Excerpts from a US diplomacy telegram/ document leaked by WikiLeaks on social media today reveal that the director of the National Security Agency (NSA), Viktor Dimovski, was assessed by a US ambassador in Skopje as a man controlled by the Serbian services.

Dimovski, at the time when Branko Crvenkovski was president, was director of the Intelligence Agency, and spent one term as ambassador in Belgrade. According to the published assessments, which the US Ambassador to Skopje Gillian Milovanovic sent to Washington, Viktor Dimovski was in “Serbia’s pocket”.

The document is made public at a time when President Pendarovski has announced that a number of state officials will face the vetting that is inevitable after joining NATO.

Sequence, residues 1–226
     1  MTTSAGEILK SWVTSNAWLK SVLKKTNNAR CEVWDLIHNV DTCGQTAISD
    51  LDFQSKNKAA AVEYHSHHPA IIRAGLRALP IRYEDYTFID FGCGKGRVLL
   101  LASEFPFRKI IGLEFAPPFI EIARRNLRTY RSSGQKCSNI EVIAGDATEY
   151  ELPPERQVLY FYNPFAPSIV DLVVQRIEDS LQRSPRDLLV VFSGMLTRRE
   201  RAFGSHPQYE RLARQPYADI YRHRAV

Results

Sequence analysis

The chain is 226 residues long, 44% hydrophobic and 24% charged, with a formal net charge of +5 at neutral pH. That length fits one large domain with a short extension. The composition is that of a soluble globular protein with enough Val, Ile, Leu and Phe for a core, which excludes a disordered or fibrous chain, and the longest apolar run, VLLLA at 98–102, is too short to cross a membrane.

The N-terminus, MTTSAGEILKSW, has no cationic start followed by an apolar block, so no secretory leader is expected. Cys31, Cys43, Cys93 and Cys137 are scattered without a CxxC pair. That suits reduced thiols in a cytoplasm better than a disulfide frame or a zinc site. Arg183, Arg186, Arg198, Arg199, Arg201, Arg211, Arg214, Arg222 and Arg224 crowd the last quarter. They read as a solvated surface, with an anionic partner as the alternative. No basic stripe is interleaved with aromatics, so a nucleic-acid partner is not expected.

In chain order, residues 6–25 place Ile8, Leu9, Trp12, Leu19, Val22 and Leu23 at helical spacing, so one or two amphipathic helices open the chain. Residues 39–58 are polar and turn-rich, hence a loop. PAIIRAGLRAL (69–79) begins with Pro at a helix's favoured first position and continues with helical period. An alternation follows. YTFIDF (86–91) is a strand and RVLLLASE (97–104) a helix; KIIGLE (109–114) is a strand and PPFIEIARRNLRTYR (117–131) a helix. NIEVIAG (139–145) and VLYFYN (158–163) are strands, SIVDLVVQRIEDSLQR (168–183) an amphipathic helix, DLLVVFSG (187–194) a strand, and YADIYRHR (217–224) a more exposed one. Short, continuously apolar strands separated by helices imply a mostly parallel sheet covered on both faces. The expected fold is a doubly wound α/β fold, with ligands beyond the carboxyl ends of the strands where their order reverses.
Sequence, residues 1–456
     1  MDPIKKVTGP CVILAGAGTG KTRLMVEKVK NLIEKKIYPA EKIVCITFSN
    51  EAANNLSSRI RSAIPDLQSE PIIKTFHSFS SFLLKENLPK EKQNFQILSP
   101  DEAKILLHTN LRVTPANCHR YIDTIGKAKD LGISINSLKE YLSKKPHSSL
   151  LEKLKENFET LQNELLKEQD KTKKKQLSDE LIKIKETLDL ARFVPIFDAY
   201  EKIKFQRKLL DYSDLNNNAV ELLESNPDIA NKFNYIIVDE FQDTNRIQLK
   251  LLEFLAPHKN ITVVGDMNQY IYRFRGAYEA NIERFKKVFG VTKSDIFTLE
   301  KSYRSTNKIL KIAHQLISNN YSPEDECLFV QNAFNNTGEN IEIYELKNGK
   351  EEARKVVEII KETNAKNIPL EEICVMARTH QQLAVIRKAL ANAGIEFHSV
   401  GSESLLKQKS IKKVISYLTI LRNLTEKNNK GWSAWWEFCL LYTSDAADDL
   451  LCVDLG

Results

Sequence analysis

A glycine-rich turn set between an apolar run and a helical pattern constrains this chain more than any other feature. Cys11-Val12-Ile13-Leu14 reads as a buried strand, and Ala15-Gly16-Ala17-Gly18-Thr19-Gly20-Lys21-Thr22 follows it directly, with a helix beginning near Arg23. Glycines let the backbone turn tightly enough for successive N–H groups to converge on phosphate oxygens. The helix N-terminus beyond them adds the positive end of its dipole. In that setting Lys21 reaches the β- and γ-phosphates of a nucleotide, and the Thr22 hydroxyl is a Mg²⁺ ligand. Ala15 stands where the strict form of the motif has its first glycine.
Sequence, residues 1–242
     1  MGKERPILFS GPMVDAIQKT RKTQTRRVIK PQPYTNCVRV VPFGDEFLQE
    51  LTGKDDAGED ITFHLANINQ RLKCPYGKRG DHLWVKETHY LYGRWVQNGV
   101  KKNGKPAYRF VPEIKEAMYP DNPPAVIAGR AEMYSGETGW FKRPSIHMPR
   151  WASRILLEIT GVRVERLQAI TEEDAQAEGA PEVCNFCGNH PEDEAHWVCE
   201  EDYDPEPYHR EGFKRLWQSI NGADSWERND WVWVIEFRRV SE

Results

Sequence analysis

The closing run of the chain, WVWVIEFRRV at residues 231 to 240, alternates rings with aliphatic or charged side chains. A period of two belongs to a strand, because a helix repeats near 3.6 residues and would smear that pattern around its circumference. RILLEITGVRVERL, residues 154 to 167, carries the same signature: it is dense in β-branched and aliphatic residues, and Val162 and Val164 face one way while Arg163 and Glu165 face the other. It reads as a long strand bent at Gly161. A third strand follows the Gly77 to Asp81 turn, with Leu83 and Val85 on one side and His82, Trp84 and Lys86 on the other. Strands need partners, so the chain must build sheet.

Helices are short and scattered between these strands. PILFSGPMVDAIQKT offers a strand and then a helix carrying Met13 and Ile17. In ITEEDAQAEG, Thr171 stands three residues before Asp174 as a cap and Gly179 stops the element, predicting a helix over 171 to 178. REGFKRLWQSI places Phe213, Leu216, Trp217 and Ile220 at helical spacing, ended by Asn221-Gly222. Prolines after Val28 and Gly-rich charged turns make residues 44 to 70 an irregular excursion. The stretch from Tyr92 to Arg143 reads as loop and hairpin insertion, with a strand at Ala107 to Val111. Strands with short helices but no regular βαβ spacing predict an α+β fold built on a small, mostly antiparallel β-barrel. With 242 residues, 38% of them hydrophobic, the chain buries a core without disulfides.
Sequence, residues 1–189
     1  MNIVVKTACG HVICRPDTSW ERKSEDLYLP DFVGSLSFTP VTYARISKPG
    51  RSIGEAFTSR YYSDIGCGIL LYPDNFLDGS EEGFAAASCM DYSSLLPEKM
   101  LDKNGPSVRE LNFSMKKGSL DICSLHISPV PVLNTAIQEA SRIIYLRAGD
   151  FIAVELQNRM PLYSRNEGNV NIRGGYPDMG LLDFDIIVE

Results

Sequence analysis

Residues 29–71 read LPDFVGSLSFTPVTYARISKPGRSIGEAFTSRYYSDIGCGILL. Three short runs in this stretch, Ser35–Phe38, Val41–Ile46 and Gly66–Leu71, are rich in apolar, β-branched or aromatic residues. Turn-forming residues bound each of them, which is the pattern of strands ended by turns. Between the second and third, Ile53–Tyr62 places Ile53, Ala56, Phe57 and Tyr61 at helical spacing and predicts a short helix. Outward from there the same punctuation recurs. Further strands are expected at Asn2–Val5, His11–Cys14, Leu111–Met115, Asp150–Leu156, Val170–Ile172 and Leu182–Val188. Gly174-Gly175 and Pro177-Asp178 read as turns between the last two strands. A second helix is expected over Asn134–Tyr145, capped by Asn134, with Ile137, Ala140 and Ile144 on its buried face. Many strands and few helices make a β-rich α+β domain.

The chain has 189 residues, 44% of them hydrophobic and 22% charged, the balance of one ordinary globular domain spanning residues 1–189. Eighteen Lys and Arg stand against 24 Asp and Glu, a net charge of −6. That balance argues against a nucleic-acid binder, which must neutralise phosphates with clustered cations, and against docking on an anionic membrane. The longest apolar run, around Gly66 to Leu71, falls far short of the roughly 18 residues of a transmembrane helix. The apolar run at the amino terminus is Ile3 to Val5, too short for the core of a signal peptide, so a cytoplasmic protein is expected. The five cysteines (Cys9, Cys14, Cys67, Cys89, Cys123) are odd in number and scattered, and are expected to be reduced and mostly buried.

The not so recent assessments of the US diplomacy that Dimovski is under the control of the Serbian secret services make him one of the first to be checked for contacts and cooperation with services like the Serbian one, which is in close coordination with Russia, which, in turn, is one of NATO’s strategic rivals.

In that context, some observers have a legitimate question as to how and who checked the NSA director to see if he was still in “Serbia’s pocket” and if he had contacts and co-operation with rival NATO services. If Dimovski did not go through the vetting process at all, it could have unforeseeable consequences for Macedonia’s status as a trusted NATO member.

If Dimovski did not pass a proper check, and it turns out that he still has contacts with Serbia, and does not receive the appropriate NATO certificate, it will be a serious blow to the entire security system in which there may be other officials who have cooperated or are cooperating with services that are NATO rivals.